Nature/Wildlife Forum Co-Moderator Loupey's Avatar
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    Re: "MUST HAVE" camera additions?

    Quote Originally Posted by red05usa
    ...also, will 1-4 months be enough practice to become 'good enough' at using a DSLR and learn about the important features?
    It depends solely on you.

    Certain aspects of shooting wildlife can take years (simply because there is not enough opportunities to practice) to master. One can read all the books on the subject but it really comes down to hands-on practice.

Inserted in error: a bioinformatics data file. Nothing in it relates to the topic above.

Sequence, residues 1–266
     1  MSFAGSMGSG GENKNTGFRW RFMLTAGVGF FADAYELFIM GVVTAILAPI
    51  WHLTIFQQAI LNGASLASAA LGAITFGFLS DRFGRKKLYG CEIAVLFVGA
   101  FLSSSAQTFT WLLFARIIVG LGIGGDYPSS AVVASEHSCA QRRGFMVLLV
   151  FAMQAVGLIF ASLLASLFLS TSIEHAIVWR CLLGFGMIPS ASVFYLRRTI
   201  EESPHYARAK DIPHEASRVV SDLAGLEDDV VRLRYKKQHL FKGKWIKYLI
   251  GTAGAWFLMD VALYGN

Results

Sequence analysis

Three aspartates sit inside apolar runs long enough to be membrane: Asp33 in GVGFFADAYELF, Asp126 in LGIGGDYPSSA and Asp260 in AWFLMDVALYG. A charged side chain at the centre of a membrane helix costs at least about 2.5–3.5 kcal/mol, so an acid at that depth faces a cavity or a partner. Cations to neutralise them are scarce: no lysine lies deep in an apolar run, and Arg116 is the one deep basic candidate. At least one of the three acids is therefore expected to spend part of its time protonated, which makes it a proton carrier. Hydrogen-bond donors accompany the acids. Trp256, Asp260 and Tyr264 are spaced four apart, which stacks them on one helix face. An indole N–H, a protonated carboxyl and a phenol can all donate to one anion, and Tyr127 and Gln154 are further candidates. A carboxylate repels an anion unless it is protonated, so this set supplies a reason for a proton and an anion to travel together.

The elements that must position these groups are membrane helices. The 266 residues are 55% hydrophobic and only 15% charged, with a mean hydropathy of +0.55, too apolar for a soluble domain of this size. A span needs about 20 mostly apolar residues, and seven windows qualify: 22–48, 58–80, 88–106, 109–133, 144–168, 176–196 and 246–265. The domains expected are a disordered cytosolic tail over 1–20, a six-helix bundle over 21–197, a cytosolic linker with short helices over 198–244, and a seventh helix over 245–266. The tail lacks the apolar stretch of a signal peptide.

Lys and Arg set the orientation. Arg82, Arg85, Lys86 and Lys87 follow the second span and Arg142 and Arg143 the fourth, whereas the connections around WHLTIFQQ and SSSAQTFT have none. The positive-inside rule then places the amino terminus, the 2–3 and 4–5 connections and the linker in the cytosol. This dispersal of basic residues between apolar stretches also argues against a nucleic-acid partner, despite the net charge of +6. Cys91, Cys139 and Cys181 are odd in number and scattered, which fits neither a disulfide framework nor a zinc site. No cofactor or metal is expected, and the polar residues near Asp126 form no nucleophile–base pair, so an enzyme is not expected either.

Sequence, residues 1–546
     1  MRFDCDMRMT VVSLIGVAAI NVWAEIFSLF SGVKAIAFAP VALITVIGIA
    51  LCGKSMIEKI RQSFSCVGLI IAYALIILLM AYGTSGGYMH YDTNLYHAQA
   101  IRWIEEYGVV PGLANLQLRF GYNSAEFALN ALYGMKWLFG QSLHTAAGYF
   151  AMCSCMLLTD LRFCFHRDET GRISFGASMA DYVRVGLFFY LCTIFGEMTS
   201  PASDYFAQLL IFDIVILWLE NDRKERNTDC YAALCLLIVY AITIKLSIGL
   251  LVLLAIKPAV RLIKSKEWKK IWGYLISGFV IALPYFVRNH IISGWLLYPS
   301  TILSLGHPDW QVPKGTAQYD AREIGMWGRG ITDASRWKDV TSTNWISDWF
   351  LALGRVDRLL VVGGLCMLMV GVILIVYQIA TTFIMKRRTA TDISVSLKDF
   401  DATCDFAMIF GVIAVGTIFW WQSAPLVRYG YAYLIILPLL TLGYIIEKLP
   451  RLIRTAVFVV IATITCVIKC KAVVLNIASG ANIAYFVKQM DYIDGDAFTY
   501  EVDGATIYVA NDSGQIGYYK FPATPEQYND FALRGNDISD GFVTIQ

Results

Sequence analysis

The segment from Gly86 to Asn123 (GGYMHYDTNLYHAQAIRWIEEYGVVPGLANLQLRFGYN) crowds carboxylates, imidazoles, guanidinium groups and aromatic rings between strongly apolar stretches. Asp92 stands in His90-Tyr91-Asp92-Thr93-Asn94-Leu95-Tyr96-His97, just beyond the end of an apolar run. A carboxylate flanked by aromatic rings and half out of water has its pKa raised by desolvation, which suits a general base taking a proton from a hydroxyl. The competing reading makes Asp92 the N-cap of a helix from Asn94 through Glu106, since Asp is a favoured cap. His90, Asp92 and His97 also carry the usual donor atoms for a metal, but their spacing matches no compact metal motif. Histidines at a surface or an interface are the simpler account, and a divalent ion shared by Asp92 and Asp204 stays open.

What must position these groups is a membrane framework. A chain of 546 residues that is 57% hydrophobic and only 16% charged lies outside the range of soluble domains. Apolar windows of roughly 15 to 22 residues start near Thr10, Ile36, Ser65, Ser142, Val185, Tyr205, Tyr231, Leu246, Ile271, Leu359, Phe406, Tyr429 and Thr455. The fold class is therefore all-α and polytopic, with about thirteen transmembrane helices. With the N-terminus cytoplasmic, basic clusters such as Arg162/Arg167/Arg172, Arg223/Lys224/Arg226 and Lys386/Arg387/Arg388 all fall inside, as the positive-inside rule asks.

So sooner the better. Like right now.
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  17. #17
    Senior Member Anbesol's Avatar
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    Re: "MUST HAVE" camera additions?

    -- also, will 1-4 months be enough practice to become 'good enough' at using a DSLR and learn about the important features?
    Just be sure you are at least fluent enough to use shutter and/or aperture priority modes, bonus if you can execute full manual quick enough by then. Anyway - depends on how committed you are to learning the craft...

  18. #18
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    Re: "MUST HAVE" camera additions?

    Forget the uv filters but I would strongly suggest good circular polarizer if you will be shooting scenery. One to fit each lens or get a cokin adapter and one filter of the largest size you'll need...it will then cover both lenses.
    Keep Shooting!